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I knew it was weak, but t hadi rained all day and was forecast to be cloudy over night, so I didn't recharge it earlier in the day. As I was ready for bed, I looked out the window and beheld a full moon. Setting up the camera for some test shots of the full moon (I had researched camera setting several days before), I prepared for a long wait...until clouds rolled in, obscuring the moon once again. So I packed up the camera and went inside...only to behold out my window the moon, already partially in shadow, Out I went to set up once again, as the sky got hazy and ground fog began to develop. This time I waited it out and while the sky was not as clear as I would have liked, I did get to watch the eclipse, snapping multiple exposures. Just as the moon was emerging from the earth's umbra, and things looked like they were peaking...the battery died.
Air conditioning, anyone?
I've no idea what's inside this building that it needs so much a/c capacity to stay cool, but the windows are covered with plywood and there is a tall antenna located directly behind it, so my guess is that it has something to do with computers or cell phones or both...
Back in early June 2018, my youngest son Aaron and I took the first doors-off helicopter allowed up at sunrise over Kilauea's famed Fissure 8 on the Big Island of Hawaii. It just so happened, the venting lava hit its peak of 273 feet that morning! I'll never forget the pilot asking me, "how close do you want to get?" I responded, "can you put us right over the top of it!" This is a memory that will last both of us a lifetime!
On Sunday I finally got my wish for snow. However, it came with a dangerous winter storm with below zero temps. Texas is NEVER this cold. Early morning our electricity went off in our all-electric house. It quickly got very cold. We huddled by the fireplace in a dark house with all the curtains and blinds closed, the cats were freezing too.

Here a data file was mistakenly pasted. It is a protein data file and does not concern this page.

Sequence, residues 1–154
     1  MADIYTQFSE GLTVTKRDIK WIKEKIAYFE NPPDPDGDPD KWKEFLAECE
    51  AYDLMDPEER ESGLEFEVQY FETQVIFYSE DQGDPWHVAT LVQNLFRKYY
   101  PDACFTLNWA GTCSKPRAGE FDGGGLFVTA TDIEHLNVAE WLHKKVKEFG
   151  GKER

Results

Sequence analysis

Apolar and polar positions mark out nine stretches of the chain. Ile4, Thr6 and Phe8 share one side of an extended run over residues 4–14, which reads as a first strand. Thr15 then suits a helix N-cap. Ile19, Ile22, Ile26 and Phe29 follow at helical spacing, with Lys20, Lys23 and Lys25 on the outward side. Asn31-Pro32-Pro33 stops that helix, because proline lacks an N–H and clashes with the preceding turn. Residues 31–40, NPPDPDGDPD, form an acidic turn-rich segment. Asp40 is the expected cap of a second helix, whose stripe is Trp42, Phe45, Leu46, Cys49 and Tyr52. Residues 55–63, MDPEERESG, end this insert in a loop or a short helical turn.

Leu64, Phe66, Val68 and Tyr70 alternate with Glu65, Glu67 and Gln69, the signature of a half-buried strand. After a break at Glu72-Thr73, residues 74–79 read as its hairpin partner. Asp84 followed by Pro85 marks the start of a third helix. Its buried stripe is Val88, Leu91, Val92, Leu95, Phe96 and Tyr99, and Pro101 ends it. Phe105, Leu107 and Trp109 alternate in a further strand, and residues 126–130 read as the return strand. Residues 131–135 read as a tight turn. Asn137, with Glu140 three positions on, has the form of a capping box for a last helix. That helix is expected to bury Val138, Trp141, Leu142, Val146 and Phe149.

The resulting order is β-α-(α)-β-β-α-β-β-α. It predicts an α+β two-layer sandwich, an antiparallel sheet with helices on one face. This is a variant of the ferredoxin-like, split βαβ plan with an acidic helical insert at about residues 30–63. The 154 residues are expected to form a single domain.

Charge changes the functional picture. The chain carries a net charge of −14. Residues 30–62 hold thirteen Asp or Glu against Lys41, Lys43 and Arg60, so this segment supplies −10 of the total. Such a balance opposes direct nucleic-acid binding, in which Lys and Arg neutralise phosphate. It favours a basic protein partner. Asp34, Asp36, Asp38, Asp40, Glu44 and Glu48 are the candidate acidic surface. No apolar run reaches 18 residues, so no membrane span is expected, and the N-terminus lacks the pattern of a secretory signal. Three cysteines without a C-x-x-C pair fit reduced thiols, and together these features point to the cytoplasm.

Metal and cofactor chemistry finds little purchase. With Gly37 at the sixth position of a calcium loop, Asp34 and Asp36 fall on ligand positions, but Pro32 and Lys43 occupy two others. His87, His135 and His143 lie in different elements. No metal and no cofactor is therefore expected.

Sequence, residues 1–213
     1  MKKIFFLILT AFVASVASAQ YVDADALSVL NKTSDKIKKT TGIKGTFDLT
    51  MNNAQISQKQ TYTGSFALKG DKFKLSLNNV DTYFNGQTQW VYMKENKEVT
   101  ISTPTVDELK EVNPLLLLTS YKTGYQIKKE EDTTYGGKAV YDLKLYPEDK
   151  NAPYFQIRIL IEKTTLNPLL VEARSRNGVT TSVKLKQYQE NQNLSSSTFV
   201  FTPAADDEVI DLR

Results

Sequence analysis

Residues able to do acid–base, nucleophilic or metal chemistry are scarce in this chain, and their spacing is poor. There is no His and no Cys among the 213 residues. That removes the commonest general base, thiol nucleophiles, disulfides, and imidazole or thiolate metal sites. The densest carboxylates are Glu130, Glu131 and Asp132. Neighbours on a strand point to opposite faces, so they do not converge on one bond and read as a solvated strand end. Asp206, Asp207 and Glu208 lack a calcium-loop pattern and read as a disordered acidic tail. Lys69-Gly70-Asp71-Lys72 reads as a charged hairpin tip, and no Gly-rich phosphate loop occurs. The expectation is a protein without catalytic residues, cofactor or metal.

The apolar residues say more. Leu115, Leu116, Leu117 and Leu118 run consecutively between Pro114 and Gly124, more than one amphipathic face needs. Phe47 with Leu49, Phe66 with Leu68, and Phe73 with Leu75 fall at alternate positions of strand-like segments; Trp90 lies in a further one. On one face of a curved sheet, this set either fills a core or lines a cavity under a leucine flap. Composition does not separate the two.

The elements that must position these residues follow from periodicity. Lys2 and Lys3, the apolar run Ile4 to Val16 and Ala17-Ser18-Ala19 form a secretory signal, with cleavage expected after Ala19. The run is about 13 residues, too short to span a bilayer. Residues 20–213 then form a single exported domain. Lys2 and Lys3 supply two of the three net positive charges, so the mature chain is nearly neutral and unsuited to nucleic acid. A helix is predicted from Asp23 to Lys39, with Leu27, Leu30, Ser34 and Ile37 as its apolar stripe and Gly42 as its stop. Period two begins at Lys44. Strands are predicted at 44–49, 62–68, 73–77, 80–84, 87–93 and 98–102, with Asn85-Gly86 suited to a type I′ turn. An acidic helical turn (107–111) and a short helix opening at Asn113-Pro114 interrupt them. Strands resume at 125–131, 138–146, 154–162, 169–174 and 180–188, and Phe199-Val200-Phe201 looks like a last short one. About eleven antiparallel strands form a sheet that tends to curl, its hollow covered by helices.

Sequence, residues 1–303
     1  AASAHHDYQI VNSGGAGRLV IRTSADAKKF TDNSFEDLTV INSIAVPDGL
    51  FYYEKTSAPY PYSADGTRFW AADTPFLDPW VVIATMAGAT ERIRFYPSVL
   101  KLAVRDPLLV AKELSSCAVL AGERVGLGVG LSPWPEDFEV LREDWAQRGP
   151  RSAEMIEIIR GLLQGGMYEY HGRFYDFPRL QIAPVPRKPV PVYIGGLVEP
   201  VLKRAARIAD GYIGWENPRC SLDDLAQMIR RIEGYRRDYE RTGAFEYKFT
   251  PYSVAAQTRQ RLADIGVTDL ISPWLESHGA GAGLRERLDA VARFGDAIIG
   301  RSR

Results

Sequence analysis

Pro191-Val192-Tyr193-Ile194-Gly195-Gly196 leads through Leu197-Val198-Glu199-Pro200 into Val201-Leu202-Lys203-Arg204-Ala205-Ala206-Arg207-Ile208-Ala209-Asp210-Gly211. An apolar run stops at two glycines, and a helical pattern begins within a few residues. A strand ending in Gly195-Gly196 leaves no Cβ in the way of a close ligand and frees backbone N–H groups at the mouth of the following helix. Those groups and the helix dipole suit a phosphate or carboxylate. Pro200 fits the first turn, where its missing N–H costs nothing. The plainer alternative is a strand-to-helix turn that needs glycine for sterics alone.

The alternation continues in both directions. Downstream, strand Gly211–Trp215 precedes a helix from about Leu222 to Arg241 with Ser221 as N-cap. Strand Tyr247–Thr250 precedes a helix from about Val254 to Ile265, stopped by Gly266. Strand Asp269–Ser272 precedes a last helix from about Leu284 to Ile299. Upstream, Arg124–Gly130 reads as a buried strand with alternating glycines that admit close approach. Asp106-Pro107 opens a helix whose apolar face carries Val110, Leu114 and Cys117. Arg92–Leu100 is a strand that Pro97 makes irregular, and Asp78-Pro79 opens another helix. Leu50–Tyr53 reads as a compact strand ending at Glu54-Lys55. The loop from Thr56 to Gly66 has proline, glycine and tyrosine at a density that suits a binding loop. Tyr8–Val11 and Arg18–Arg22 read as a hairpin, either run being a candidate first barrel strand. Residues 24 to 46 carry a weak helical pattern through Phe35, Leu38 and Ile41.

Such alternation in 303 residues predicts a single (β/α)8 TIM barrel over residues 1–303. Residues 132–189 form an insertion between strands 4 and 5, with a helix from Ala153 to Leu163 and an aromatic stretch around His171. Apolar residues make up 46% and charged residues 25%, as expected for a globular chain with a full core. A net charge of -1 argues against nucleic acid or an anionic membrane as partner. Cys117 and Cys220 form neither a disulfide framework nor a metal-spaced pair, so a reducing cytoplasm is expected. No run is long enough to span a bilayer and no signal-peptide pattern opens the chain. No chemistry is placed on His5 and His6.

After a cold miserable night, on Mon we were running out of firewood and none to be had anywhere because hundreds of thousands in North Texas were without power, and more all across the state. We packed up cats, snacks, & warmest clothes and took our chances on the frozen roads to go to Cat Dad’s office where the power was still on. It was warm, but no beds. We slept on sleeping bags on the floor and in a recliner.
Finally on Wed eve after over 61 hours without power it came back so we returned to a very cold house (39F). We are happy to be home, but now a problem with the city water & we must boil water + many grocery shelves are empty.
Whilst walking my dogs one evening in a local park, I decided to have a look at the lake where I do not usually take the dog's. I arrived at the lake and noticed the great sky color and the reflections on the calm water but the problem was my camera was in my car about half a mile away from the lake. I rushed back to the car put my dogs into the car and ran back to the lake. After arriving back at the lake the sky color was just superb and I was really pleased to capture this great scene.
A guard tower in the Eastern Sierra? What is this about? The answer gives us a look into one of the darker chapters of American history. This is Manzanar National Historic Site located between Lone Pine and Independence, California, USA. During World War II, Americans of Japanese ancestry and Japanese who were denied citizenship by federal law were interned here and in nine other camps across the country. This was facilitated by President Franklin D Roosevelt signing Executive Order 9066 on February 19, 1942. The order authorized the US military to exclude and detain US citizens and resident aliens. In practice this applied to individual German and Italian aliens and all persons of Japanese ancestry living on the West Coast.
I've known about this violation of Constitutional rights for decades but only recently learned of this historic site. I had to see it and see if it has any relevance to current events. I think it's important that we learn from our past instead of repeating it.
Taking a walk through the historical Roger Williams Park in Providence, Rhode Island. One of the attractions there is the Temple to Music. Constructed in 1924 by William T. Aldrich. The location is used for many concerts, organized fundraisers, wedding, and photography.
Guess who was my favorite. Yep, Led Zeppelin! Where were you on 28 February 1977? It is a trick question: I wasn’t at The Summit (in Houston) either. Robert Plant got sick and postponed the concert until May. Ticket price:$9.85. I paid $50. And it was worth every penny!